On June 18 a subscriber wrote: "Messrs. Baum Bros. Gentlemen, The first number of the Rose Lawn Home Journal, to which I subscribed, has just been received. Permit me to say that for persons your age, the enterprise reflects great credit upon you; and when we consider that the New York Herald was first published upon a sheet no larger than yours, and has now the largest circulation of any paper in the United States ... Your Friend, G.B.Gillespie."
 Baum's Aunt Josephine Baum introduced him to Maud Gage, a student at Cornell, during a Christmas Party at the home of Frank's sister, Harriet Neal. Family legend recalls Josephine introduced them saying, "This is my nephew, Frank. Frank, I want you to know Maud Gage. I'm sure you will love her." "Consider yourself loved, Miss Gage," was Frank's reply. "Thank you, Mr. Baum," said Maud, "That's a promise. Please see that you live up to it."
 A man who advertised extensively in Western papers once wrote to Baum asking why his rates were higher than those of other papers, the circulation, and where his papers were sent. Baum replied that the circulation had been about 3,500, then it was 3,000, then 2,000 and at that time it was about 1,400. The papers, he said, were sent to different parts of the West, some to the East and one abroad, and it was only by the hardest efforts that he prevented the whole lot from going to hell. The advertiser was so taken with the reply that he renewed the contract.
 In a copy of the book inscribed to his sister, Mary Louise, Baum writes: "When I was young I longed to write a great novel that should win me fame. Now that I am getting old my first book is written to amuse children. For, aside from my evident inability to do anything 'great,' I have learned to regard fame as a will-o-the-wisp which, when caught, is not worth the possession; but to please a child is a sweet and lovely thing that warms one's heart and brings its own reward. I hope my book will succeed in that way - that the children will like it."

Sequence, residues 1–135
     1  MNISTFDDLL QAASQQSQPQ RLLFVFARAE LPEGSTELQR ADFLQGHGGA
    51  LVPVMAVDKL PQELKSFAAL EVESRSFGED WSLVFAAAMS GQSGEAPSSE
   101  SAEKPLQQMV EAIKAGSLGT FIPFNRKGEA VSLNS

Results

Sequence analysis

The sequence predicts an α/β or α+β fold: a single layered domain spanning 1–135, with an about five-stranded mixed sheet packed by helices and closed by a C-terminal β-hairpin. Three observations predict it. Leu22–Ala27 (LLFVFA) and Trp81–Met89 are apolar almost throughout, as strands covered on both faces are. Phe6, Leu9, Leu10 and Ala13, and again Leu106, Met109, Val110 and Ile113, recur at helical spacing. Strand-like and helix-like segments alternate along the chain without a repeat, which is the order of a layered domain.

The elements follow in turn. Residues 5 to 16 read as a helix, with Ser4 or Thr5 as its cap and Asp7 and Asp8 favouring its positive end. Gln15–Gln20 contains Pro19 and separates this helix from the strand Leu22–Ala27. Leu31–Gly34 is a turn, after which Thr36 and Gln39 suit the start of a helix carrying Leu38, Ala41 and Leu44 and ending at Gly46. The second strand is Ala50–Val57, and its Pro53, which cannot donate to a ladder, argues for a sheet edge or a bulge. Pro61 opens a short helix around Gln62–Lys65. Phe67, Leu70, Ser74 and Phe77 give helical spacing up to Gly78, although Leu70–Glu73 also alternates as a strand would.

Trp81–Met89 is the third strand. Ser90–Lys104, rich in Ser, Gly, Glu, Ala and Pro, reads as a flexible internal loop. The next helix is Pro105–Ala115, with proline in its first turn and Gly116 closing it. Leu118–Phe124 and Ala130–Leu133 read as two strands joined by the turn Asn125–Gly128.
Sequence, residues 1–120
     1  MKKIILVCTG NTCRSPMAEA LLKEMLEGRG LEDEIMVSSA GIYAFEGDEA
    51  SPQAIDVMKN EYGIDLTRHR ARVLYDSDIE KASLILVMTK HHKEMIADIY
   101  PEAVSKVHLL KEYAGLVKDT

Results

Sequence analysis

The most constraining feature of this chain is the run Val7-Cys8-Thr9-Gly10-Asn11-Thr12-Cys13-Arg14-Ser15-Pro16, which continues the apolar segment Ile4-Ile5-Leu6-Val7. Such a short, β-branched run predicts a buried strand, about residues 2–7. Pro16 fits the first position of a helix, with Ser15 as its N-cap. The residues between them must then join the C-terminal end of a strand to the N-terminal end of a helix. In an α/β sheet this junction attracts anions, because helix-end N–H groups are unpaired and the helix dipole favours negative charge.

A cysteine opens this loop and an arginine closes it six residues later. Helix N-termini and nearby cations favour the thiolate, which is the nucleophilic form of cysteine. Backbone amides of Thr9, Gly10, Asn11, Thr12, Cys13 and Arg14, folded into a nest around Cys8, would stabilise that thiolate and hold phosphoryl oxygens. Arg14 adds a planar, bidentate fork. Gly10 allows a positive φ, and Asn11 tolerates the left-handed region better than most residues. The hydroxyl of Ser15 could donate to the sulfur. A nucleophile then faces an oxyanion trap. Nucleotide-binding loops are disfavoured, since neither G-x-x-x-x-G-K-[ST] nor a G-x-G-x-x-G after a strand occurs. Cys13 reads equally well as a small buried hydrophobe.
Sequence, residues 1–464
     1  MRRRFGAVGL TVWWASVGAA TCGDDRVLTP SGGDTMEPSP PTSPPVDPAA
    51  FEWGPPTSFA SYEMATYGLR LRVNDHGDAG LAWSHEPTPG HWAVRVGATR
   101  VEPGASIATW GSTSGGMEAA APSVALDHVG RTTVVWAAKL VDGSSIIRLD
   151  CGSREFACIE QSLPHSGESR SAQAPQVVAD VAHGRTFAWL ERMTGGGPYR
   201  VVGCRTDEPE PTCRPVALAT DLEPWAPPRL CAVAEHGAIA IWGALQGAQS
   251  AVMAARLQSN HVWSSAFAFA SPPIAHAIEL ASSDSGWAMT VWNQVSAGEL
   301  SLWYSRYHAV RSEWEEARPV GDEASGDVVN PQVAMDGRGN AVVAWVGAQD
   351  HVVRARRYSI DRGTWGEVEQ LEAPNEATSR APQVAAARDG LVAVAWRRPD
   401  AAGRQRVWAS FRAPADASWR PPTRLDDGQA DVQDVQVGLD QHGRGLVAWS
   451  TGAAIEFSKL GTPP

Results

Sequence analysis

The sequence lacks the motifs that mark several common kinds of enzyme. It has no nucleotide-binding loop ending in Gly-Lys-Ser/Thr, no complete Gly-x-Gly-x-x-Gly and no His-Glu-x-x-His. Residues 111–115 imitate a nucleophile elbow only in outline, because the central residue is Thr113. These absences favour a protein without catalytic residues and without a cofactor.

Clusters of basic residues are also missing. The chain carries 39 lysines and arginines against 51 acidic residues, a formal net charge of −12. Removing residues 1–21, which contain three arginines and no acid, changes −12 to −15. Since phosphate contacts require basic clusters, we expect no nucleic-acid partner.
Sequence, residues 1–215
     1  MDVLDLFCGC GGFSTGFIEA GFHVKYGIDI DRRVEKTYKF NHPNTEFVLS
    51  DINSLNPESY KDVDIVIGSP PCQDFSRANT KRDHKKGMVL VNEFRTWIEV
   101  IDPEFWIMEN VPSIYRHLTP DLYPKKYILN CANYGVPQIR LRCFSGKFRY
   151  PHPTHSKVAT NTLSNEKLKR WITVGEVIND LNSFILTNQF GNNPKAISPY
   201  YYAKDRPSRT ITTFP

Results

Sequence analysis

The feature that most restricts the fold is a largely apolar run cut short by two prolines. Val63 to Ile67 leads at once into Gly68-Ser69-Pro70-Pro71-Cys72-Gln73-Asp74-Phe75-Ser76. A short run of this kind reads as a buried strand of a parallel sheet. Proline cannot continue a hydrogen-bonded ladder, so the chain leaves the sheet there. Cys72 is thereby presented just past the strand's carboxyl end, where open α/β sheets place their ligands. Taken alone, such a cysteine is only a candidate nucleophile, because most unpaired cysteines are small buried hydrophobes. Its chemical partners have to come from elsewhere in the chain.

His work in this field will be cited in Land of Desire (1993) as a foundational influence in the American advertising industry.
 W.W.Denslow's wife sends a copy of Father Goose: His Book to an old family friend, author Mark Twain. He responds, "Father Goose has a double chance of succeeding: parents will buy him ostensibly for the nursery so that they may privately smuggle him out and enjoy him themselves."
 According to family legend, Baum discovers "Oz" as the name for his American fairyland when he spots his bottom file drawer - labeled "O-Z" - while telling stories to his sons and their neighborhood friends. The first printed account of this tale is found in the New York Mirror (1/27/04). Maud, however, denied the story in a 1939 interview for The Syracuse Herald.
 In order for his central character to be more fashionable, Dorothy is now blonde. Apparently for contrast, Ozma, who had "ruddy gold tresses" in The Marvelous Land of Oz, is suddenly brunette.
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